1. You observe that Buckner's first step was "awful;" but that once he got going, he was up to speed. I would suggest that a first baseman, in MLB, is rather limited in "range" challenges by the very nature of his position. Like the "hot corner" across the diamond, the nature of batted balls and their scatter-plots is quicker to get into any real range of play the defender has. It has also, historically, been a challenge of extremes: bunts and or liners or grounders into a "hole" that a first baseman must often surrender because of the many instances where he is expected to hold a runner on base against the running game. That first step may be excruciating; but I would argue - very well executed.

                          2. A basic fact: It is a pitcher's job to cover first on batted balls hit to the right side. Stressing the number of 1B assists as magnified by pitching staff POs is an empty argument that begs the question. From 1982 through 1986, pitcher PO leaders [in League where Buckner played] were:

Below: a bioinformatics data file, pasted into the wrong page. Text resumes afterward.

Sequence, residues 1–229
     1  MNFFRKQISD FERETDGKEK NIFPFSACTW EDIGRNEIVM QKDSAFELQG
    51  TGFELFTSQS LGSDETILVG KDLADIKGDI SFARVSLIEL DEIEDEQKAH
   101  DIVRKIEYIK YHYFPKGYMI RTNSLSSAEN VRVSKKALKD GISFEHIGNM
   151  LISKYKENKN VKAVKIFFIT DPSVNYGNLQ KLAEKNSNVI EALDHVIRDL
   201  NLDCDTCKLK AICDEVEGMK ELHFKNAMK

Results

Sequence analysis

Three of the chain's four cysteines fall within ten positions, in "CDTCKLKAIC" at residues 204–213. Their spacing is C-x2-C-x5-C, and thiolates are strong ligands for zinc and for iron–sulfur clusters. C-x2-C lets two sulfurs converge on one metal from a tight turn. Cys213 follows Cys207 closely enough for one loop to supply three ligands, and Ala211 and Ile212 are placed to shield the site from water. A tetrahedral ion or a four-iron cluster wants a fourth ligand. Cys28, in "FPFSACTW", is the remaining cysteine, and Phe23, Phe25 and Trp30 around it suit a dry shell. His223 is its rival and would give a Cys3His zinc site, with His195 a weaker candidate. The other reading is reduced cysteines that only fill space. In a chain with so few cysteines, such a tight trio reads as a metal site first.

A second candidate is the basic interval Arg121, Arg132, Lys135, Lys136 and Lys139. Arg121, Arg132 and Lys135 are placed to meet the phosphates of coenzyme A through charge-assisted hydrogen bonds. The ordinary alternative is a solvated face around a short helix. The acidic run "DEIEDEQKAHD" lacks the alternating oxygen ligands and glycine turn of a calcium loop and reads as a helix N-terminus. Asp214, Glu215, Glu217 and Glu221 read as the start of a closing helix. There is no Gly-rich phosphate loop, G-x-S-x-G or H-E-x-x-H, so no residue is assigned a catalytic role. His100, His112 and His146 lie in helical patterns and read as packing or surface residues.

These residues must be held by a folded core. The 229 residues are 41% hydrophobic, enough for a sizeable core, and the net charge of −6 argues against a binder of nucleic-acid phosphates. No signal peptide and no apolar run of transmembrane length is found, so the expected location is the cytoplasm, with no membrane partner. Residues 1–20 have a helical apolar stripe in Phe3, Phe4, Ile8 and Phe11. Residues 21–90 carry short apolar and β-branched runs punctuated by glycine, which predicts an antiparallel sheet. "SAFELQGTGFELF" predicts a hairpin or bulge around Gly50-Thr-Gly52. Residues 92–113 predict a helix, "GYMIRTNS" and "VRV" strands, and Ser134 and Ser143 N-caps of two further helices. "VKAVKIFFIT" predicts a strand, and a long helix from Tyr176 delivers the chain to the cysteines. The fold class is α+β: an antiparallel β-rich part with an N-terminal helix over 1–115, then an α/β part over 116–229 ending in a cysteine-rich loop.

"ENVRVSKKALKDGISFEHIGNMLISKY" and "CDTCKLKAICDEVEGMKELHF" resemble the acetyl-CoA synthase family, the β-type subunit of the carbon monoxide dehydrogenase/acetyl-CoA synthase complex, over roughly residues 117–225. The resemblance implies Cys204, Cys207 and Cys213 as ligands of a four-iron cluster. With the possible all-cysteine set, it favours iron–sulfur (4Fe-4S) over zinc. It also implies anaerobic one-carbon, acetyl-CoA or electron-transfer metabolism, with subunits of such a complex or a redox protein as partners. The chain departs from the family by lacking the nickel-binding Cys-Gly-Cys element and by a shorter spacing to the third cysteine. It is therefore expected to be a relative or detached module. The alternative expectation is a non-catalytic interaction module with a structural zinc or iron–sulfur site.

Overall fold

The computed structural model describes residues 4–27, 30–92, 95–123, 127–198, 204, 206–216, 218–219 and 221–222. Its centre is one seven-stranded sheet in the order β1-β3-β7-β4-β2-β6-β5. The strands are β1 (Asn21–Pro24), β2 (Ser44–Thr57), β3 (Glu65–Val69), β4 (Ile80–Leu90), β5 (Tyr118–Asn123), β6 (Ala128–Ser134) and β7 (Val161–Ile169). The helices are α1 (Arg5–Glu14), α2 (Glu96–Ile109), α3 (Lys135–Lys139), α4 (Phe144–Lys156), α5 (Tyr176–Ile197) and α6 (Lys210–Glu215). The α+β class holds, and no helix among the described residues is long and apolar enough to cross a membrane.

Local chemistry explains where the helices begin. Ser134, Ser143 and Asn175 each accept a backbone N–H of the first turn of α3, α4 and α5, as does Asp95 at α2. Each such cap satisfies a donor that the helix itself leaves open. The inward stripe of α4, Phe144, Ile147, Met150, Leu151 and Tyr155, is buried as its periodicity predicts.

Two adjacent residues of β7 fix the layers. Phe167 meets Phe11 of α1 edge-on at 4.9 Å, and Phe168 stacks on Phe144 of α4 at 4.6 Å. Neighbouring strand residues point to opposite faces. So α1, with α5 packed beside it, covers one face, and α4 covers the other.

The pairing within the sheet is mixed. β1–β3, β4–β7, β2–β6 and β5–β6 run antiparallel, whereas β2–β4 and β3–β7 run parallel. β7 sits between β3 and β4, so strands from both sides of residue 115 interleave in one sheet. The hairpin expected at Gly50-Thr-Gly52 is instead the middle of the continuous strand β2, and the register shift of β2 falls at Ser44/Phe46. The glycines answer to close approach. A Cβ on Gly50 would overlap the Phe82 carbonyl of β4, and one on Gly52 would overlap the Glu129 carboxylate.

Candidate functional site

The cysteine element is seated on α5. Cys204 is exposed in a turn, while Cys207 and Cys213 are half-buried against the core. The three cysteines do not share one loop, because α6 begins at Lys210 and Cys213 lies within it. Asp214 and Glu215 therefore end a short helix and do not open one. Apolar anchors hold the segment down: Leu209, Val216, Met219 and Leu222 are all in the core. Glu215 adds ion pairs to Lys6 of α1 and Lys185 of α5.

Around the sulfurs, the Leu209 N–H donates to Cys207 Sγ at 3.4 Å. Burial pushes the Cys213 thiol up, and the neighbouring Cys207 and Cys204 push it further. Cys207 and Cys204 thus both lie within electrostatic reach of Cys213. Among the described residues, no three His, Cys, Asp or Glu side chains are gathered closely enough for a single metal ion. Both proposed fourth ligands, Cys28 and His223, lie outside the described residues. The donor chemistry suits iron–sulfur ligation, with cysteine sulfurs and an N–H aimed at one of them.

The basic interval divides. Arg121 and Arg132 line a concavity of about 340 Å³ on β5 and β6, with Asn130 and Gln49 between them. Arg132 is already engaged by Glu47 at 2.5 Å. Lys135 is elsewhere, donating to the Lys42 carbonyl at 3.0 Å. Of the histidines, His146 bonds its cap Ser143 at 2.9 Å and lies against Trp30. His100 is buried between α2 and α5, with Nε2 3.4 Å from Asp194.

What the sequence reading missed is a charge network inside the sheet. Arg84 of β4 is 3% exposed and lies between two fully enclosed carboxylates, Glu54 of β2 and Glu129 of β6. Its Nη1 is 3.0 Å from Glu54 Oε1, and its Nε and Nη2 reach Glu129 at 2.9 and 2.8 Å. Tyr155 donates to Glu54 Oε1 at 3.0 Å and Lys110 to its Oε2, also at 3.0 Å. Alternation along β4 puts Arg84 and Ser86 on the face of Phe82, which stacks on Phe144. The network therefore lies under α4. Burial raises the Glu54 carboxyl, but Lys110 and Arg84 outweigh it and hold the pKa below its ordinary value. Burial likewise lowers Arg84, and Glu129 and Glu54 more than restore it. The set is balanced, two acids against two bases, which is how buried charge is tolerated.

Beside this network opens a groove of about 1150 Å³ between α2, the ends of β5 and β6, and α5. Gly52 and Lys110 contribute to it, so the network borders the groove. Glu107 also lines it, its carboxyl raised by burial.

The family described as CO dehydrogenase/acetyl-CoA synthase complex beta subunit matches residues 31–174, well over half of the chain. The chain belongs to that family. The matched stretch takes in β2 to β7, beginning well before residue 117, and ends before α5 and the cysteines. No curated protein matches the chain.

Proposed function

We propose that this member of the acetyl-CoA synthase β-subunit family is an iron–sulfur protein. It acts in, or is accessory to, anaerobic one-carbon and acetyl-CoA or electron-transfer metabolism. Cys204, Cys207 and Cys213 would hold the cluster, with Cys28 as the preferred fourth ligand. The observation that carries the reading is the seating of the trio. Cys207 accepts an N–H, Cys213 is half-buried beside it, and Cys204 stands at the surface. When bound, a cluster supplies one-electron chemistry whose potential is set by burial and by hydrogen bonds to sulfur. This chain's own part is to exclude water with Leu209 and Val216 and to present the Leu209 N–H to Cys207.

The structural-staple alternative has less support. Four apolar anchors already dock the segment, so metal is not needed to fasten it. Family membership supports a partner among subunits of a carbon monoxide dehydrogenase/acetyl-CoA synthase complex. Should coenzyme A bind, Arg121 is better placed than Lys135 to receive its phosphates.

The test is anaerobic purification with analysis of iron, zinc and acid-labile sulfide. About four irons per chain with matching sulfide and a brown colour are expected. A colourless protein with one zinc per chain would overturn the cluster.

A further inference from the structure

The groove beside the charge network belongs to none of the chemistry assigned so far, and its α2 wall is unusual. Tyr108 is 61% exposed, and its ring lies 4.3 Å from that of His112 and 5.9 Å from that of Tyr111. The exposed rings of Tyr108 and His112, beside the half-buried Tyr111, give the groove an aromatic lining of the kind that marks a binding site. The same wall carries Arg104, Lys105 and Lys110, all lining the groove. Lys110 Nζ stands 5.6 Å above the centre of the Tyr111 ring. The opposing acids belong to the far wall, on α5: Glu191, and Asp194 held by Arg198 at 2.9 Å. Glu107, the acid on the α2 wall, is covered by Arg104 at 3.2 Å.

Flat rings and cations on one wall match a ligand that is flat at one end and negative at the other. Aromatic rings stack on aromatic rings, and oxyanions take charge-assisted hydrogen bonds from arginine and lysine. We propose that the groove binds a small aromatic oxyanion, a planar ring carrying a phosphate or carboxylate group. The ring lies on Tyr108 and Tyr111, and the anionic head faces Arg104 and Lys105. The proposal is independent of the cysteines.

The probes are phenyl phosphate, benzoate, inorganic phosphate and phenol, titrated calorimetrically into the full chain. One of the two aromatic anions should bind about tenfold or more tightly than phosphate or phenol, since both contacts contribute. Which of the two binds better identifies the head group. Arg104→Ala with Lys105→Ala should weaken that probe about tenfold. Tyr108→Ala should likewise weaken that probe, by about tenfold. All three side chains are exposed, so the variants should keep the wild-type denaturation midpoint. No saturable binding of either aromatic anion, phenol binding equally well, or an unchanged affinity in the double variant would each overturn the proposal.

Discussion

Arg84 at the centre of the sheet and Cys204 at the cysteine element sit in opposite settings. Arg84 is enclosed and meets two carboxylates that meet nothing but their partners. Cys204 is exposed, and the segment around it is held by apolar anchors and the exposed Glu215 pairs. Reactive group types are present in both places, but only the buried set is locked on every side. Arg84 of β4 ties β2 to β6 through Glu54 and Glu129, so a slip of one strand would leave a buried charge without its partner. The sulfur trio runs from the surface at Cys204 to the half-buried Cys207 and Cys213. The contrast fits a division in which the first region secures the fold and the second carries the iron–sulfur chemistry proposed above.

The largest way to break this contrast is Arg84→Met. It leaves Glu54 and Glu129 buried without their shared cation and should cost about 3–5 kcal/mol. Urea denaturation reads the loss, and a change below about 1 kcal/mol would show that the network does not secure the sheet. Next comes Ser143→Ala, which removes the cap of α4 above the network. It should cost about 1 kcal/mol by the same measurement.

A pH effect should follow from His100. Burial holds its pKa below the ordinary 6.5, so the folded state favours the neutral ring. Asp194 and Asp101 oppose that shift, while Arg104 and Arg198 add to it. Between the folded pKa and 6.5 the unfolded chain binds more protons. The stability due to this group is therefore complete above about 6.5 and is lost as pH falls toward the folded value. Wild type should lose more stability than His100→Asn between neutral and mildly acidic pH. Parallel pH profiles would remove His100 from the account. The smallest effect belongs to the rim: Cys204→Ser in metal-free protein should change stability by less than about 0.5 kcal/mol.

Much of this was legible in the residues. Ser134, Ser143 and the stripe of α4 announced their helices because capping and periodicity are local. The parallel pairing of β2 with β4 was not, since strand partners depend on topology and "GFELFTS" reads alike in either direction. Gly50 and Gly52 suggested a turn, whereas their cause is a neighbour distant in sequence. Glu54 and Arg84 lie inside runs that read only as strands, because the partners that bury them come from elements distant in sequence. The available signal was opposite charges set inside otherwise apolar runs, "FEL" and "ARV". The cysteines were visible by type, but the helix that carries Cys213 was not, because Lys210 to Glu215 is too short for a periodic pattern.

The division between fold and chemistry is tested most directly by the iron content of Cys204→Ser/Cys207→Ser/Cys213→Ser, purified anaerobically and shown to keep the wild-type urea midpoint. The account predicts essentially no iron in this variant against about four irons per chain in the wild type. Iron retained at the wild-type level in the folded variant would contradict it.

ATL 131 [Chambliss]; CHI 135 [Buckner]; STL 104 [Hernandez]; LAD [Garvey]. The lowest pitcher PO: NYM 72 [Kingman]; CIN 70 [Driessen]. I I ever attempted to use a pitcher PO argument forth to claim that a lower rate directly related to better play at 1B, I'd be skinned alive.

                          1983: MON 120 [Oliver]; STL 113 [Hendrick]; NYM 121 [Hernandez]; SFG 103 [Evans]. Lowest: SDP 68 [Garvey]; HOU 74 [Knight].

                          1984: DET 150 [Evans]; BSX 121 [Buckner]; BAL 114 [Murray]; KCR 107 [Balboni]; TOR 104 [Upshaw]. Low: CSX 71 [G. Walker].

                          In 1985 and 1986, Buckner's pitchers recorded 159 PO and 144 PO, a high number. However, he had company with Upshaw [119]; Evans [140], and Murray [128].

                          My point is this: One can easily argue 1B assists as a liability, IF one has a mind to do that going in; but there is a legitimate counter-argument that solid glove work in a constrained range can be an excellent strategy for execution while conserving on a valuable asset.